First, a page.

"strawbryes" intended in "sucrye of strabyrs", 1683?

Joel S. Berson Berson at ATT.NET
Tue Sep 28 00:08:59 UTC 2010

I like Wilson's hypothesis, as slightly modified below.

At 9/27/2010 04:00 PM, Wilson Gray wrote:
>Content-Transfer-Encoding: 8bit
>FWIW, in and around the greater Boston area - you may not notice this,
>because you're hyperaccustomed - to coin a word - to it, *many* people
>pronounce _-berry -bury_ as unstressed [bri]. Hence, reading
>_strabyrs_ as an attempt by a semi-literate woman to write
>['strO,briz] or some such seems to me a reasonable WAG.

Possible, I think.

But perhaps even better:  I finally had a flash of sense ...  what
was intended was "strawbryes"!  A spelling to be found at 1565, in
Arthur Golding's translation of Ovid -- "Thyself shalt with thy hand
The soft sweete strawbryes gather".  Although this is the only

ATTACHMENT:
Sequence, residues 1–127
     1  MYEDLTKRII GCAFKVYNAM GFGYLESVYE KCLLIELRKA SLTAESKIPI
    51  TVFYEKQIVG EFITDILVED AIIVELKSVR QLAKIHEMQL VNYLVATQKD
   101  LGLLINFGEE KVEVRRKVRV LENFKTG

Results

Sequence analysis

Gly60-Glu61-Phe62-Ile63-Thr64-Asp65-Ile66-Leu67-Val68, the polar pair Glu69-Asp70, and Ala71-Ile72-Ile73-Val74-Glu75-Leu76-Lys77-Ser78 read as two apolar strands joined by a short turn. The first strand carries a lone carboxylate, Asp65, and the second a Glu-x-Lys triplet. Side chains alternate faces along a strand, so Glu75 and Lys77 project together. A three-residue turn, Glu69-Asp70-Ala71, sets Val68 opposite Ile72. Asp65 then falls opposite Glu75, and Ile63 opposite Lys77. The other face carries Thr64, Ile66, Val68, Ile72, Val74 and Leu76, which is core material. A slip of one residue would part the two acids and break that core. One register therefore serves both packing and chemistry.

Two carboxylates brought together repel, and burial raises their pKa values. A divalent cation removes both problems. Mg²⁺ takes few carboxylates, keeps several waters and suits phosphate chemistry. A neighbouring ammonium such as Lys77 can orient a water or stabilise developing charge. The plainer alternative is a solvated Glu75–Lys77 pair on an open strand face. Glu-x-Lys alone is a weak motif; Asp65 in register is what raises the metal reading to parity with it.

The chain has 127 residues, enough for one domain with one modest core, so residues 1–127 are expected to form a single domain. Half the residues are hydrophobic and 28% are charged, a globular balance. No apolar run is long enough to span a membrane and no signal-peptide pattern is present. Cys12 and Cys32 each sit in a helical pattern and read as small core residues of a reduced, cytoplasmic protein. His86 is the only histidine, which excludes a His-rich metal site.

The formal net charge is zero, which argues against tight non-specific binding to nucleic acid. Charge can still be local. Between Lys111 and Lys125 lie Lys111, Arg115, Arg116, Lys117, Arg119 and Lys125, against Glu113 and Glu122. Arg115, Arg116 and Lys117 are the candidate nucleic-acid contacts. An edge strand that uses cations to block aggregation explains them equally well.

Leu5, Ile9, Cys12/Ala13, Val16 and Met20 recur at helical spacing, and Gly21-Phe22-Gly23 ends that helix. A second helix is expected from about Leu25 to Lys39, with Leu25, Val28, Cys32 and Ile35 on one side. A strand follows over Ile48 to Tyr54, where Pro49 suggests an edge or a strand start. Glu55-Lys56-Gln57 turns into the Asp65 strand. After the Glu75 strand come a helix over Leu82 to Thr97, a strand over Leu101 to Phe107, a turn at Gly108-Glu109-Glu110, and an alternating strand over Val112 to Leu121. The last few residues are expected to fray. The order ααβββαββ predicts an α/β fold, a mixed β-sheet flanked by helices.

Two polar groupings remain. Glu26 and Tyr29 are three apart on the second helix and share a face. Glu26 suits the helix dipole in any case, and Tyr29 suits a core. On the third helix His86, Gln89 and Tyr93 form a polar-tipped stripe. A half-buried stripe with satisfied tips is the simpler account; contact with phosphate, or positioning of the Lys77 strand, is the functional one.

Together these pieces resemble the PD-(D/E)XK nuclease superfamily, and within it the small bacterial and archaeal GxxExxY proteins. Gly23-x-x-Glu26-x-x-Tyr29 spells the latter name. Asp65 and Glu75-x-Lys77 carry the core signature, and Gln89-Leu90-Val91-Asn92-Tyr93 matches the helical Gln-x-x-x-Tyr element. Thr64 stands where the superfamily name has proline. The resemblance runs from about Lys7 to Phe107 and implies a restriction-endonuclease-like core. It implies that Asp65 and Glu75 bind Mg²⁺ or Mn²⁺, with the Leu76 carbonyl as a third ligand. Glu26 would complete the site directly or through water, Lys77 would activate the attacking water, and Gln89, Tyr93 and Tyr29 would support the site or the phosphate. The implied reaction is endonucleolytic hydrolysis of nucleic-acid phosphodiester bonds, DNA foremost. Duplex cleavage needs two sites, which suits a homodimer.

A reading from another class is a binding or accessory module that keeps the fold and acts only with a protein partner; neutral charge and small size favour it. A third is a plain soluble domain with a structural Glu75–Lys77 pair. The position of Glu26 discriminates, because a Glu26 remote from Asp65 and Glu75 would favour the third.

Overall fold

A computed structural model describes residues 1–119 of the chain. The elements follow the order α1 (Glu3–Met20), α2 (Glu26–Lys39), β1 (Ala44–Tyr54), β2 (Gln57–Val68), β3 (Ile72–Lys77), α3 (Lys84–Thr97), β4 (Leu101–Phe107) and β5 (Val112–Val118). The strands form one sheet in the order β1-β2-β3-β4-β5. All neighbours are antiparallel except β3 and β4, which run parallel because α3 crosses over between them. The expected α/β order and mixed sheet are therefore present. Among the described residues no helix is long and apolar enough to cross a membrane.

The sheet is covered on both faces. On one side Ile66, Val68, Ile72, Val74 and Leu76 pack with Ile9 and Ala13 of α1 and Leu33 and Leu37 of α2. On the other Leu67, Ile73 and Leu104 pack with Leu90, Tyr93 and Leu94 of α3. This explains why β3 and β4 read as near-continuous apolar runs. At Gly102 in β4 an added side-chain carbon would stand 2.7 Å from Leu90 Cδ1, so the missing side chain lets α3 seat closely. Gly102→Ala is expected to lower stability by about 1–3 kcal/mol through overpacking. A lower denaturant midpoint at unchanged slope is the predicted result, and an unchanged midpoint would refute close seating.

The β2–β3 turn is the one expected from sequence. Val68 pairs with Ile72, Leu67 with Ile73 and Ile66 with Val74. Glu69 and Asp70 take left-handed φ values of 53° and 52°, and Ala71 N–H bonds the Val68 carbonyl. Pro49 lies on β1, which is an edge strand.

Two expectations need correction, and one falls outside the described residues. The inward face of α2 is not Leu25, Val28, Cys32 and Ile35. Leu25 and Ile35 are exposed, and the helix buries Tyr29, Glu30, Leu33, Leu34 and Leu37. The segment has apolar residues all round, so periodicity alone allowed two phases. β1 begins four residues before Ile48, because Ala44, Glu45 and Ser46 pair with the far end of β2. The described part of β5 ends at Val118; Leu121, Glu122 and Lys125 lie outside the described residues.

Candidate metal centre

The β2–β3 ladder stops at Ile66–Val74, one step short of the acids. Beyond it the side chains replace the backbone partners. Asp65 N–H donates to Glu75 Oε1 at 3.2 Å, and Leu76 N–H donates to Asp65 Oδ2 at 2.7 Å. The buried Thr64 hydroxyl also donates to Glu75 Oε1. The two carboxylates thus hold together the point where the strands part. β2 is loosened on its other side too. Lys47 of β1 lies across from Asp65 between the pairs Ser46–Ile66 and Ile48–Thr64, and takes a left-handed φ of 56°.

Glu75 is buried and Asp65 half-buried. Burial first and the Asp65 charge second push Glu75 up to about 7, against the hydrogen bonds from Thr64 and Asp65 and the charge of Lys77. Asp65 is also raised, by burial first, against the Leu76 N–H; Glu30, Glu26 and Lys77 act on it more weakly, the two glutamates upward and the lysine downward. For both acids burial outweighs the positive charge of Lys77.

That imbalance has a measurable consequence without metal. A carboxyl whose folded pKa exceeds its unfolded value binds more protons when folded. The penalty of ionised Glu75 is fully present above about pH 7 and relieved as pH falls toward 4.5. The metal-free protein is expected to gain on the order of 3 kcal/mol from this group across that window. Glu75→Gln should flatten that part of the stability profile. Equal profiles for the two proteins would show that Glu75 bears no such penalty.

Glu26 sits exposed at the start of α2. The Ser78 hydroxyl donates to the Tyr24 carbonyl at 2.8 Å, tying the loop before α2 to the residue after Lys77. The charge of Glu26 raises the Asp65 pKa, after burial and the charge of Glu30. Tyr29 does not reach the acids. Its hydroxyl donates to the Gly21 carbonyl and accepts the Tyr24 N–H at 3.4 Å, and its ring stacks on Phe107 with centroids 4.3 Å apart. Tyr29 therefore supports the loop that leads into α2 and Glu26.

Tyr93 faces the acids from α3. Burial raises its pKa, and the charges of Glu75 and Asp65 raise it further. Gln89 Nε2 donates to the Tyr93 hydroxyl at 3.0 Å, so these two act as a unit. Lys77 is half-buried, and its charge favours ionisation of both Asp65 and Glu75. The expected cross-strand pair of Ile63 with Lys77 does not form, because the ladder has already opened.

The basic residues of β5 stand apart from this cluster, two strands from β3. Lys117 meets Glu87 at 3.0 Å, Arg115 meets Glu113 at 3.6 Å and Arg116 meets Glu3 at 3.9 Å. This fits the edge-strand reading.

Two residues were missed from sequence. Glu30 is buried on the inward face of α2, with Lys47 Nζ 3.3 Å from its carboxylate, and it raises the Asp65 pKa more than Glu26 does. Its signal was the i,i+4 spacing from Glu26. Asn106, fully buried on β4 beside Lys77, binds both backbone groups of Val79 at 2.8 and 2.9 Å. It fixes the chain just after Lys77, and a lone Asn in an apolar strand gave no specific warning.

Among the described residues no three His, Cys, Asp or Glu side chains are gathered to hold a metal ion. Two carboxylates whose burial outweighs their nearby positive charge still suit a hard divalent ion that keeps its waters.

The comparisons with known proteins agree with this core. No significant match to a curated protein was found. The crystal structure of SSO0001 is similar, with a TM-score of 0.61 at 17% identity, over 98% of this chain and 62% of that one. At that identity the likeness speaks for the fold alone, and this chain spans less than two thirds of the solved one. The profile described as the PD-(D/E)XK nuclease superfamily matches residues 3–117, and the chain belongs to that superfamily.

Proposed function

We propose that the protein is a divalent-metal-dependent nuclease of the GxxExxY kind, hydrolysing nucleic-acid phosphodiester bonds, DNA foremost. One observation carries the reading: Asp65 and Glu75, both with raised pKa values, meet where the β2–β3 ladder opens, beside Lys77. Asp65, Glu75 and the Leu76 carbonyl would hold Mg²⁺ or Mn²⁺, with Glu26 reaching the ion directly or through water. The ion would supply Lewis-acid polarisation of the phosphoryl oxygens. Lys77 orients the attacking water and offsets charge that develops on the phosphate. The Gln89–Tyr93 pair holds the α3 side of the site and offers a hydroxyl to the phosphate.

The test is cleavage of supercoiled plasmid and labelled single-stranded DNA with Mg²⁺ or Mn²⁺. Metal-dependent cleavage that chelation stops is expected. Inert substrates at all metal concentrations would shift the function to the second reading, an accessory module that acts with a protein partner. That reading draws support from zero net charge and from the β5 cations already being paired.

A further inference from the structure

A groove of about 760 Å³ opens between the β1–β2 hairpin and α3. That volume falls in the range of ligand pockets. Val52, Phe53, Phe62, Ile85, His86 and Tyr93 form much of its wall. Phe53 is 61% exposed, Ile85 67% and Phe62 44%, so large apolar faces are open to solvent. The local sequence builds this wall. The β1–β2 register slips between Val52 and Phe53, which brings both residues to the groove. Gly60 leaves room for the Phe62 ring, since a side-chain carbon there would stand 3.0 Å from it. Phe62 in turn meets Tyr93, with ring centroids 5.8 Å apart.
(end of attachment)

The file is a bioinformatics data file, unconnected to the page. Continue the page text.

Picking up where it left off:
instance of this spelling revealed by Google Books.

This too, like Wilson's hypothesis as well as mine about omitted
abbreviation marks, requires reversal of RY ("ree") in the
pronunciation to YR in the written document.

>I'd also buy
>_sucrye_ as an attempt at a pronunciation-spelling of a
>spelling-pronunciation [sukri/Sukri], though I have no reason to
>believe that any such pronunciation ever existed. WTF, this is just
>another WAG.

Might "sucre" have been pronounced with a long E?  By someone who had
read the word -- perhaps even in a contemporary recipe? -- but had
not ever heard it pronounced as in French?

I think Wilson's supposition, which is a single one about both words
("suKri", "strObriz"), is possible.  But perhaps it's unlikely that
one can gather additional evidence for or against it.


Unless someone goes to the Salem, Mass., Peabody-Essex Museum's
Phillips Library and searches the 7 boxes, 5 linear feet, of the
Curwen Family Papers, to confirm or refute my hypothesis of omitted
abbreviation marks.  My secondary source does not identify the
subcollection or box, and while I could ask the author the quotation
is from research done 30 or more years ago.


The American Dialect Society - http://www.americandialect.org

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